The Whitby Nissan dealership, Midway Nissan, had one Micra arrive today. It was an SV with automatic and convenience package. Mine had not arrived yet, so I decided to play around with this Micra and learn more about it.
I turned the key on and grabbed a shot of the lights that light up. Starting from the top left is the oil pressure warning light; below that, a door ajar light, and below that, the light that shows the overdrive has been turned off. Above the overdrive off light is a check engine light, above that the battery light, and above that the parking brake light. To the right of the battery light is the power steering warning light, and next to that is the low traction warning light. Below the low traction warning light are the seatbelt warning light and the traction control disabled light. Below that is the temperature warning light.
Above the oil pressure warning light appears to be the high beam light. There seems to be another indicator light above that, it appears that it might be a low washer fluid warning light. Meanwhile, inside the speedometer circle are the cruise control light, and some sort of security warning light.
The digital readout is interesting; with the automatic, it shows the gear the transmission is in, as well as the fuel level. This is controlled by two buttons protruding out in the middle of the cluster; one cycles through the options, the other serves as a reset button and, I believe, doubles as the gauge cluster illumination button. Cycling through the options, we have: The odometer reading, two trip counters, estimated range available with the current amount of fuel, average fuel economy, and current fuel economy. As I suspected from the beginning, this display will not provide information in miles; it is metric only.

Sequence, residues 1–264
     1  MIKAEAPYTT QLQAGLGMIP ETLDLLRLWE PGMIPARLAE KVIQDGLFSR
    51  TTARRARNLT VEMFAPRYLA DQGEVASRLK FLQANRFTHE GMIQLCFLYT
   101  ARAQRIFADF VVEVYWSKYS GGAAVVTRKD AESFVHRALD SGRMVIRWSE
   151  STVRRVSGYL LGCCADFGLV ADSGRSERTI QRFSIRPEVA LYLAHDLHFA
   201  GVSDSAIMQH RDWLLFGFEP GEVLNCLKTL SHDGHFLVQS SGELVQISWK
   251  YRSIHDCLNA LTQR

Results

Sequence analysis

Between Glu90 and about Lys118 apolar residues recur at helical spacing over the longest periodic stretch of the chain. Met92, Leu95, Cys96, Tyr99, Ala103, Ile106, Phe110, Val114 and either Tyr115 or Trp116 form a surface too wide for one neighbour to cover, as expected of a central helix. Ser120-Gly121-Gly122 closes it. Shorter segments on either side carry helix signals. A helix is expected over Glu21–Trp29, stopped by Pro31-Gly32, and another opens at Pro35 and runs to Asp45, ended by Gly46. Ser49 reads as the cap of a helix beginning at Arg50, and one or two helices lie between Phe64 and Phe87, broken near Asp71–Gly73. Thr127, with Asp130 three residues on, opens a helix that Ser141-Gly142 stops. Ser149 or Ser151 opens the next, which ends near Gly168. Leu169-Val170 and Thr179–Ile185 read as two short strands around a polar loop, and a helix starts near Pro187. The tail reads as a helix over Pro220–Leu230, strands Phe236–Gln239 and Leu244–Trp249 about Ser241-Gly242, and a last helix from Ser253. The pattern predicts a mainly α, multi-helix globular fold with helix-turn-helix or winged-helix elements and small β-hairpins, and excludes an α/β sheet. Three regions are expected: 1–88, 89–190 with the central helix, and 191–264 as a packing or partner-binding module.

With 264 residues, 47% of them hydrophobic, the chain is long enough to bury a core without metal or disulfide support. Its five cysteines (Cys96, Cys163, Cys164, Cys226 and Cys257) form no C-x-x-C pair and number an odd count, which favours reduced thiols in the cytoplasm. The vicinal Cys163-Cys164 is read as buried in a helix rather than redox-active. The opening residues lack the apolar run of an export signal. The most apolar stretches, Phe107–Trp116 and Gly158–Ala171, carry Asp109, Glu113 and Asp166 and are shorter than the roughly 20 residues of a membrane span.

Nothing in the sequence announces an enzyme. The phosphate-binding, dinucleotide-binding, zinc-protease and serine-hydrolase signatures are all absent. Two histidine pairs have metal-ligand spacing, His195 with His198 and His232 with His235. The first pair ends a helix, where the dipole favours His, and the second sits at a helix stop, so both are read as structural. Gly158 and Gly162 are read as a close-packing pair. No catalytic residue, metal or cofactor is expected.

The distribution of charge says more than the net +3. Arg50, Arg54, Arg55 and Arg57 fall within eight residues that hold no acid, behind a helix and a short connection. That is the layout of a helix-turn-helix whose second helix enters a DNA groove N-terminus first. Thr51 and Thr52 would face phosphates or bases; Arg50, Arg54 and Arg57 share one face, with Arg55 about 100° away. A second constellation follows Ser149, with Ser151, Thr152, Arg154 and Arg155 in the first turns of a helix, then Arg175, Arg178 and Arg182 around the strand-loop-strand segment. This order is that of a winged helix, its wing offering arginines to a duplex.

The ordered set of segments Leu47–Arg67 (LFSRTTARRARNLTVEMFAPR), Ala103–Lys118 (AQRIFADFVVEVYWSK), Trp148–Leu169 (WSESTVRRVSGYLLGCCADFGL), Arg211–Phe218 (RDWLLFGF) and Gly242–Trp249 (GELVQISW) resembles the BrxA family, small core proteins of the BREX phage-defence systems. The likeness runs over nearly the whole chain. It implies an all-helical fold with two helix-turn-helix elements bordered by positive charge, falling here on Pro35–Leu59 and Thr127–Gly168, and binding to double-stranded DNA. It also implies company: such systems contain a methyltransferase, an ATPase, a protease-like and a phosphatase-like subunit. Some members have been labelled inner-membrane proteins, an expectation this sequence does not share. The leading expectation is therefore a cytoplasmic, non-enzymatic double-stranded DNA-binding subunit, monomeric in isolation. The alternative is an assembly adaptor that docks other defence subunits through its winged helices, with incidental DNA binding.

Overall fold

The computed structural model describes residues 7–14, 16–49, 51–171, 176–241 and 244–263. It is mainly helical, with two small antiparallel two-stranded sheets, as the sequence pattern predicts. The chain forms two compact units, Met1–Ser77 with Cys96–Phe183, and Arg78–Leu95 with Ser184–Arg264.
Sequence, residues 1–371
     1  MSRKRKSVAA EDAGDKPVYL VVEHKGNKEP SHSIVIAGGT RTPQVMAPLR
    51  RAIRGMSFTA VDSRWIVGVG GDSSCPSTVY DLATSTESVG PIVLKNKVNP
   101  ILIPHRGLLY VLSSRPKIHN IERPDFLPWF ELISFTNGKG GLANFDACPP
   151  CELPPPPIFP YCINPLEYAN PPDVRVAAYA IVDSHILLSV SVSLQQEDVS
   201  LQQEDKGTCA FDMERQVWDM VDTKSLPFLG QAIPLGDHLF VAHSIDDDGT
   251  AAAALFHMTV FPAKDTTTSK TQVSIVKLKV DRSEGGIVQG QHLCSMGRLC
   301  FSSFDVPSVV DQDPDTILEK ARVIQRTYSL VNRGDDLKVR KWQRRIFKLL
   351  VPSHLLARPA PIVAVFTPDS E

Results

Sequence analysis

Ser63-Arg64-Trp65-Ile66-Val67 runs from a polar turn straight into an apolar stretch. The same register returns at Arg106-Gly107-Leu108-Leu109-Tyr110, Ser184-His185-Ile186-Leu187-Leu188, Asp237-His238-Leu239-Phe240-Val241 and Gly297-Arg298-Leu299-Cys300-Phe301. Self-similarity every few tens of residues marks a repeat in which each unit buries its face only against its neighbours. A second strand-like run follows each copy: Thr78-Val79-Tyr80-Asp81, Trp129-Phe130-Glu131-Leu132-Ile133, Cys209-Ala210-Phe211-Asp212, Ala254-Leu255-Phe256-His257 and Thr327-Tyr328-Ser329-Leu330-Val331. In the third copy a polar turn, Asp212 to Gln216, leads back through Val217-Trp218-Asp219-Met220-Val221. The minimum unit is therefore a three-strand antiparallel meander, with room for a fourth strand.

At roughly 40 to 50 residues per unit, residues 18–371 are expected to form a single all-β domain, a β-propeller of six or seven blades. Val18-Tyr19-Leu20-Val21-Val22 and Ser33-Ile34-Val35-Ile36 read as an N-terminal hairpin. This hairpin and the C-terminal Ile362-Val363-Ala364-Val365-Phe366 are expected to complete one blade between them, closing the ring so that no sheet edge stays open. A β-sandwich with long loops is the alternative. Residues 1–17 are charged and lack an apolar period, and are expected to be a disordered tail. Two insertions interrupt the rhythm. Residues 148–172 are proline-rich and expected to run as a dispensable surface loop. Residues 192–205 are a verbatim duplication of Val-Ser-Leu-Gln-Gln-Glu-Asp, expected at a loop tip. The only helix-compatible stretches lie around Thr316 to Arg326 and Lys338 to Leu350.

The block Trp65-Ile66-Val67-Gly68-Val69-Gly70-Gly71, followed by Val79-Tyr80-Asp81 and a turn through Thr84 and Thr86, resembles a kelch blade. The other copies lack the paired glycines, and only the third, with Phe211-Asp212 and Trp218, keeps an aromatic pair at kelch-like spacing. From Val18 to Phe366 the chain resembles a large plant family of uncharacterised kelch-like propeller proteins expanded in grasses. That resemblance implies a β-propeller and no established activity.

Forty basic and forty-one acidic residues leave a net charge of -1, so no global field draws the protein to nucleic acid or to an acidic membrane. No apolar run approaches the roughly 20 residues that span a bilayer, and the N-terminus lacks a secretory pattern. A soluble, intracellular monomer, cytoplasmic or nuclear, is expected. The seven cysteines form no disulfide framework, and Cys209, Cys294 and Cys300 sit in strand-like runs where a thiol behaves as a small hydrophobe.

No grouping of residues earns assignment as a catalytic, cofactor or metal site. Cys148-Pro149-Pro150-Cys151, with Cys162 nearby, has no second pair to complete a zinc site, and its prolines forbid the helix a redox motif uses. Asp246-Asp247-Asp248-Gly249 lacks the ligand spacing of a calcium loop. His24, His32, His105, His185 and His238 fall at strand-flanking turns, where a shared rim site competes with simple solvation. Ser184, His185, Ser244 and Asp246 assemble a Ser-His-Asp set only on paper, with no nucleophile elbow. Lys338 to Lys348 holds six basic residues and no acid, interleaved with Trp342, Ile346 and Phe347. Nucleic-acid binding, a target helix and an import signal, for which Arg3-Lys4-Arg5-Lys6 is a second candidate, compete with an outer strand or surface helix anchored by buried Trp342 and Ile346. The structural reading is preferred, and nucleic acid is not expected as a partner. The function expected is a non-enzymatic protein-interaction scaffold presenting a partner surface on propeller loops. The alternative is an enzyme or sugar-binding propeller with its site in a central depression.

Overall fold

The ABS and air bag lights are located on the other side of the instrument cluster.
I took some time to play with the stereo and Bluetooth controls. I synced my Android phone, and the car offered a nice, easy to use voice navigation system with the microphone located in the center of the ceiling, right next to the driver’s head. Upon syncing, it wanted to sync my contacts as well. The stereo screen provided relevant information from the phone, such as signal strength. Other things like music could not be played through the Bluetooth, however.
I connected my Android phone to the USB connector in the center console, and it was attempting to communicate to the car stereo; however, I kept getting an error. It could be that this is configured for iPod or MP3 players only. Further testing will be required.
The line in worked as expected, and delivered clear, accurate sound. All related steering wheel controls worked as expected, and were very ergonomic and simple to use.
Put the transmission in reverse, and immediately the screen is filled with what is behind the car. The camera has a superb wide angle lens, leaving nothing out of the picture. You can clearly see the entire width of the bumper along the bottom of the screen, with a clear view of the horizon and above.
Just wanted to point out that the rear wiper has an intermittent setting as well as an on setting.
Looking down in the engine bay, we see that, although it appears tight, there is adequate room to make routine maintenance easy. The oil filter is located at the bottom towards the front of the engine, which should make oil changes a breeze. The alternator is also easy to access.
Looking under the car, we see the oil pan in black, as well as the transmission pan (off to the right). There is no air dam; presumably, the bumper design makes this unnecessary.
There is a sizable gap in the grille between the radiator and the edge of the grill; this is where things like the horn is located. Presumably, this might make an ideal location for a ram air intake modification, except for the fact it’s located on the opposite side of the existing air intake.
These lines moulded in the roof really give the new Micra a nice and unique profile.
Well, that’s it for now. I’ll need to make another trip to try an MP3 player and a USB stick with MP3’s on it to see if that works. Until then, let me know what you think of these options.